When he started working with Sinatra’s daughter Nancy, her sputtering career quickly took off.
They made the Top 100 with “So Long Babe” in 1965, and hit the top of the charts with “Boots” at the beginning of 1966.
Though the kicker phrase “One of these days these boots are gonna walk all over you” is widely attributed to a line in a western movie, Hazlewood said during a January interview that he got it eavesdropping on a conversation in a bar.
He wrote “Boots” as a bawdy party song, but Sinatra’s Carnaby Street sex-kitten delivery made it one for the ages.
“We were at my mother’s house because I was living there after my divorce,” the singer said, recalling the first time she heard it. “He played me a bunch of songs . . . then he sort of threw away ‘Boots’ because it wasn’t finished. He says, ‘This is one I do in the bars,’ and he sang two verses of it, and I said, ‘Wait, wait, wait, that’s the one.’ . . . I just knew I was right.”
Hazlewood also produced Frank and Nancy’s chart-topping version of C. Carson Parks’ “Somethin’ Stupid,” and was billed with Nancy on the hits “Jackson” (which ranked higher on the charts than Johnny Cash and June Carter’s original), “Lady Bird” and “Some Velvet Morning.” They made three “Nancy and Lee” albums together, the last one in 2003.
“He knew how to reach the core of a person, and he knew how to take that information and create something with it. He really turned my life around in that sense as well,” Sinatra said of his role as her producer. “Finding the truth in the core of me. . . . Not a Svengali kind of thing. Maybe it’s more like a Henry Higgins. But there’s a lot of Freud attached to it. He was brilliant in that.”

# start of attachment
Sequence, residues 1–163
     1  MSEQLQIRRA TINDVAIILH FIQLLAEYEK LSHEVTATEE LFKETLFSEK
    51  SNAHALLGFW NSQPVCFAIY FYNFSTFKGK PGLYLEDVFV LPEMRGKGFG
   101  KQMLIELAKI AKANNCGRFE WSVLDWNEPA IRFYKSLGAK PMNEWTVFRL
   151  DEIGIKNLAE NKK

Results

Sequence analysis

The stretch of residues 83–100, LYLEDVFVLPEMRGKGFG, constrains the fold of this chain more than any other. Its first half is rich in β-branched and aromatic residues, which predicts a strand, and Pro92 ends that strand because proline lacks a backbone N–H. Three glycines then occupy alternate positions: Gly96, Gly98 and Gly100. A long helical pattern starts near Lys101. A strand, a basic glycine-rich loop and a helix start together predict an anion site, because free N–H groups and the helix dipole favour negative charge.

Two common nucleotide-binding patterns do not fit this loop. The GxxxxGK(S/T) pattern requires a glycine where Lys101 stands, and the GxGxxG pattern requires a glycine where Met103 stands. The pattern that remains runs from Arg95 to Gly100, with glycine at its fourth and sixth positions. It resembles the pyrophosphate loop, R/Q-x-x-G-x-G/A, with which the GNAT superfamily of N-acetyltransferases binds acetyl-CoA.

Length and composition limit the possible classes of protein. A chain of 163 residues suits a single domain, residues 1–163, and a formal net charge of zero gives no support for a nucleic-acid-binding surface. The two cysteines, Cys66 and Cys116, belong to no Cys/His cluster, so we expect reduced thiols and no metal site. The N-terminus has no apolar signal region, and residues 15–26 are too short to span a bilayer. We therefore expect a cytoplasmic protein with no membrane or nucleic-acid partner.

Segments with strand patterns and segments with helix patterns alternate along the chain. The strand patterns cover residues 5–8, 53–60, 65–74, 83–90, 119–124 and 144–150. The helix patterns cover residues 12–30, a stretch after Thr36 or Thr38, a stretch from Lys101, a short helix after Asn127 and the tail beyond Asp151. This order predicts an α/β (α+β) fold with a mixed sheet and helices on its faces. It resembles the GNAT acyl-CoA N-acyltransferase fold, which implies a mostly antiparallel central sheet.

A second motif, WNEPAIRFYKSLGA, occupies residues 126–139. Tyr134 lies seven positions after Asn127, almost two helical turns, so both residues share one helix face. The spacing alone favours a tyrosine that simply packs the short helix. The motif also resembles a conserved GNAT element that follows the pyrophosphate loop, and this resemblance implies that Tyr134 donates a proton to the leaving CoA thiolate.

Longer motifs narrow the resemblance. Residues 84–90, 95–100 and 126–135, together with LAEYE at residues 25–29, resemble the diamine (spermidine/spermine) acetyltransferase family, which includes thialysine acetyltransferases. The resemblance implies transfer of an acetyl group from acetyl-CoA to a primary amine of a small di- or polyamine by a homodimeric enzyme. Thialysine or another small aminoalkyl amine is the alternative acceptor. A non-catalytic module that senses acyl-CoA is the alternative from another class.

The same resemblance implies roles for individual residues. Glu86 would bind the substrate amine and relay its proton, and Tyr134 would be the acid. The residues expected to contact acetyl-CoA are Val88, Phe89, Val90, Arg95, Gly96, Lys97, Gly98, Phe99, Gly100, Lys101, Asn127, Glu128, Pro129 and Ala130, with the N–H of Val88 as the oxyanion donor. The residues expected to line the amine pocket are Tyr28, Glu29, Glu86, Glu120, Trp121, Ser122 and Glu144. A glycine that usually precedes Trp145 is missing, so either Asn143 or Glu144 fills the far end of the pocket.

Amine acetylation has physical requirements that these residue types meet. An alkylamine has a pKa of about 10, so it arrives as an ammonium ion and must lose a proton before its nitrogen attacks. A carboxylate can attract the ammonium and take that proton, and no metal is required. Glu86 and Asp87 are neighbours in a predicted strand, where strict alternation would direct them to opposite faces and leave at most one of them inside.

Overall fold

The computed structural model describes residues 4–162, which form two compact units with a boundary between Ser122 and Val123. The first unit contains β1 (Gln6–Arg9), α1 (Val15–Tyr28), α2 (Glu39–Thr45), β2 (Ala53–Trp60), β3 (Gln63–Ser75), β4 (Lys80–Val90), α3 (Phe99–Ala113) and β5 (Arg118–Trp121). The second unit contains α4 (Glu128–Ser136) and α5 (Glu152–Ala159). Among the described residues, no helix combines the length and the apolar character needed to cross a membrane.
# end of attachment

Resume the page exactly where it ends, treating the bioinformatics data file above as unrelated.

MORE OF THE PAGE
But in the early 1970s, he was suddenly gone, first to Sweden and then all over the map, frequently traveling back and forth between Europe and the U.S.
Theories about his departure have proliferated, but Hazlewood said that he simply wanted to spend more time with his circle of friends outside the music business, and he scoffed at his image as a reclusive genius.
“There was a little bit of a thing about ‘old mystery Lee’ and stuff -- ‘He moves around’ and all that garbage. I have a reason for everything I’ve ever done. It’s not just a haphazard sort of life.”
He had made his own albums since 1963, and he continued in Europe, recording what he considered more personal and creative music.
He also did a reunion tour with Sinatra in 1996 and played solo shows in Europe in the first years of this decade, responding to his rediscovery by a younger generation.
On Monday, Sinatra recalled that the last time she saw him was at his birthday party at his home July 26.
“He was wearing a shirt that said ‘I’m Not Dead Yet,’ and his usual black baseball cap with an insignia on it. . . . We tried to sing ‘Jackson,’ and I managed to get out a verse, but he struggled so we stopped. But he was still smoking, and he had his Chivas in his hand, his beloved scotch. I guess at that point he said what the hell.
“When I hugged him goodbye he was pretty much all bones, and I know then there wasn’t going to be much time left.”
Hazlewood is survived by his wife, three children, several grandchildren and great-grandchildren. Kelley said that there will be no services.
“He did not want anyone mourning his death, he wanted people to celebrate his life,” she said. “So we are having a huge party next month.”